Keigo is an honorific form of Japanese that communicates respect. Many social situations require the use of keigo and inability to use it is often perceived as lacking manners and etiquette. Families, close friends, and people of the same age or academic grade, on the other hand, are not expected to use keigo to one another and speak informally instead. Being raised in the United States, I never had much of an opportunity to learn keigo since I only spoke casual Japanese with my mother and close family friends. Although I still have some anxiety about being unable to speak perfect keigo, living here for two years has shown me the importance of being unashamed of my imperfections.
In Japan it is custom to speak to people older than you (senpai) in keigo. It is considered to be a form of respect and Japanese people instinctually follow these customs. When I moved here, I had no idea how big a role these customs played in social relationships. All of my bilingual friends in university seemed to be perfectly adept at maintaining great conversation in English, casual Japanese, and keigo. Although I’d be able to casually chat without a problem with friends in my grade or younger than me, I was petrified of speaking to anyone I didn’t know, full of fear that they would think I was rude. I found myself avoiding conversation with Japanese people because I felt ashamed for my lack of ability.
Letting Go of Fear
I often sought advice from my mother, calling and asking her to teach me keigo. Naturally, I expected that she would readily inform me of the importance of being polite and respectful by speaking properly. I was shocked when she told me that I didn’t need to change the way I spoke. She told me it was fine because “people shouldn’t expect that of you anyway, you weren’t raised in Japan”. I had trouble accepting her perspective because I felt a strong sense of responsibility to respect the cultural norms of Japan. However, her words ultimately made me realize that I had no reason to stress so much over keigo. There was no way I would suddenly be perfect at it, so I decided to let go, socialize, and allow myself to learn along the way.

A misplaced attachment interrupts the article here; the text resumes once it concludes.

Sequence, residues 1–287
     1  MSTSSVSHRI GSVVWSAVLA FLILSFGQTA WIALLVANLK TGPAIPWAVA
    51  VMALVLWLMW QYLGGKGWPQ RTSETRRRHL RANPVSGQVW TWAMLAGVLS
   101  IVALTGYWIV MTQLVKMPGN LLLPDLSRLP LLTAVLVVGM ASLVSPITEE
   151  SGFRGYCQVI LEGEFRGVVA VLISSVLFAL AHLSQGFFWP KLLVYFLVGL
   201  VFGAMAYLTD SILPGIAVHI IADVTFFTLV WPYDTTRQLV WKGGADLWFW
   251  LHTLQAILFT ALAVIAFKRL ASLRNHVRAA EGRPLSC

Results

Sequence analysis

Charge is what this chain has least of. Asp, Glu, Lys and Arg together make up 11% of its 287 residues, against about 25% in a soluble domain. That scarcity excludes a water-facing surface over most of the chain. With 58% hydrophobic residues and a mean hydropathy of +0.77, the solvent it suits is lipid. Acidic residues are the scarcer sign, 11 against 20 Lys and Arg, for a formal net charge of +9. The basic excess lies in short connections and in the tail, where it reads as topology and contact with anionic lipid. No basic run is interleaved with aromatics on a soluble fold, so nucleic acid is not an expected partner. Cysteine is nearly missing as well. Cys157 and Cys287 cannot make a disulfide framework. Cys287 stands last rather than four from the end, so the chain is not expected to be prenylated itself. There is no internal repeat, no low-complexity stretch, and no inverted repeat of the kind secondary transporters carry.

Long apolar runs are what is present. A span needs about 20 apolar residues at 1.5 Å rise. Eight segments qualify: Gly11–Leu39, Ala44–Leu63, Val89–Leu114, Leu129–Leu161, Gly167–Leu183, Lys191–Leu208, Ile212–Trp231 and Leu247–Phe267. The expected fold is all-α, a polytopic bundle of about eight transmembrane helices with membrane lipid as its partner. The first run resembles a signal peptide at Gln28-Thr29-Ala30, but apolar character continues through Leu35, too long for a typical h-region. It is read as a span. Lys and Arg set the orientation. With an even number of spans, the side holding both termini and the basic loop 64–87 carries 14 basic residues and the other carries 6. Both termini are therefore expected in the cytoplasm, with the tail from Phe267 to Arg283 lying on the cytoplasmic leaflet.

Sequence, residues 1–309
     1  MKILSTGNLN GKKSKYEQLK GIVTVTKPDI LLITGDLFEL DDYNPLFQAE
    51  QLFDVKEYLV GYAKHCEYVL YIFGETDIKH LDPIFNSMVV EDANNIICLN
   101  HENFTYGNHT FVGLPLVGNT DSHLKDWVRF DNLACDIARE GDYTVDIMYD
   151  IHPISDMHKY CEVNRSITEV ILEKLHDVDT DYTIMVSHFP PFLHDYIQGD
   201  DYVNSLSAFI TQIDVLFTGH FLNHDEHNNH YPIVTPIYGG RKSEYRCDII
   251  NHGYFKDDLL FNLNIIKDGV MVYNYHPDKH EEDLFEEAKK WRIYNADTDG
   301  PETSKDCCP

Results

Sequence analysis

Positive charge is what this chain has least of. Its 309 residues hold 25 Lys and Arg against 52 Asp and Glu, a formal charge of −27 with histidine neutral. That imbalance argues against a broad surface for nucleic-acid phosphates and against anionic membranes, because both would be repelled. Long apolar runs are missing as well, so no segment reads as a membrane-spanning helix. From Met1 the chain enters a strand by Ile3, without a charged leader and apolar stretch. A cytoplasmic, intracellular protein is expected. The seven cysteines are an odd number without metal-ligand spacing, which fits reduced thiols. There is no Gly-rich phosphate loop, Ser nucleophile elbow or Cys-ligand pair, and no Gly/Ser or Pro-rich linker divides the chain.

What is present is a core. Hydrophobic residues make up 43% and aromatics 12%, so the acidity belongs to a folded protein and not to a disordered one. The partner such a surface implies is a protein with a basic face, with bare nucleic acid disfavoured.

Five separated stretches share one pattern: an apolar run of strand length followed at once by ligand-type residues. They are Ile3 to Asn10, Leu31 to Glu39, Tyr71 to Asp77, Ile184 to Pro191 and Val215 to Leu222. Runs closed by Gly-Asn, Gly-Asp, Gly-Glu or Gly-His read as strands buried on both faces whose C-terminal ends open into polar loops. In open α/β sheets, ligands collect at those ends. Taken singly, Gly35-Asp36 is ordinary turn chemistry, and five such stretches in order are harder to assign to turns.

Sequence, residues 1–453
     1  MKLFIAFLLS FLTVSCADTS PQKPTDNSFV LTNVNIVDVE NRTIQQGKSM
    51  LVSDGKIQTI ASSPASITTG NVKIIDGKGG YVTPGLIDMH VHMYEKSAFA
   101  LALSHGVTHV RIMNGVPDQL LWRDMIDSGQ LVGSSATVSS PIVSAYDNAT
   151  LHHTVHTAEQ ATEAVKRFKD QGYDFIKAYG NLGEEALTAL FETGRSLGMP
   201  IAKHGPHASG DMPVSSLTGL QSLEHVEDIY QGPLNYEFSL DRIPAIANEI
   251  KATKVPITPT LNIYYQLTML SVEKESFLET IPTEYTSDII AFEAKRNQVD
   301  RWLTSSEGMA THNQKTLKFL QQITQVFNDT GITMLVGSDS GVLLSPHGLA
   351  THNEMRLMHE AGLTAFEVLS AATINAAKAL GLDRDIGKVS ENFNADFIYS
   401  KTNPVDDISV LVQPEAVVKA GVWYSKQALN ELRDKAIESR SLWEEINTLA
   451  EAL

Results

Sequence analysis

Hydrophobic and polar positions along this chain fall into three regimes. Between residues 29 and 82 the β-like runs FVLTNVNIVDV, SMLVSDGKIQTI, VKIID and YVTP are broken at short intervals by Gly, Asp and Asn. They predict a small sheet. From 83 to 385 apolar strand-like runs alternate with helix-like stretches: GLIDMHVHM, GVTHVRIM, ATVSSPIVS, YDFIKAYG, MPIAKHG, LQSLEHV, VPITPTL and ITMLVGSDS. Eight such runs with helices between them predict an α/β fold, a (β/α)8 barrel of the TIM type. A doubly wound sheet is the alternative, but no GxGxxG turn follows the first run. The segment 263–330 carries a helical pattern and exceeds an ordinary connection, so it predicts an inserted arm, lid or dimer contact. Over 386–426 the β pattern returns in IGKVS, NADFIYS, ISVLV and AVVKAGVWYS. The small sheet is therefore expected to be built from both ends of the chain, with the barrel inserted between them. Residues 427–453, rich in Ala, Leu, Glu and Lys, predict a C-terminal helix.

My anxieties about speaking to people were luckily dismantled through increased exposure to Japanese people. When I started to regularly participate in circle activities, there was no way to avoid talking to my senpais. I would try to remember what my mother told me and maintain confidence in conversation, and it worked. I felt almost stupid for having been so afraid in the past of something that seemed so simple now. I began initiating conversations with people and made a habit of delivering a disclaimer and apology about my poor keigo skills. Every person that I have introduced myself to since has had the same reaction – they always laugh and reassure me that there isn’t anything to worry about.
The first few times I thought that I was only received well by luck, but I now know that Japanese people are much more accepting than I imagined them to be. The only hindrance to my social life was my fear of judgment for not being up to Japanese standards. These “standards”, however, were just projections of my own anxieties that stemmed from insecurity. My Japanese friends and family showed me that being my own worst critic was distracting me from the opportunity to communicate with the wonderful people surrounding me.
Keigo and etiquette as whole is certainly a major part of the cultural fabric of Japan. However, I wrongly believed that these traditions were strict and unforgiving to those who couldn’t practice them to perfection. Japan is infinitely different from my home in the United States but being blessed by the presence of accepting individuals during my life in Japan has shown me that friends are always there for you no matter where you make them.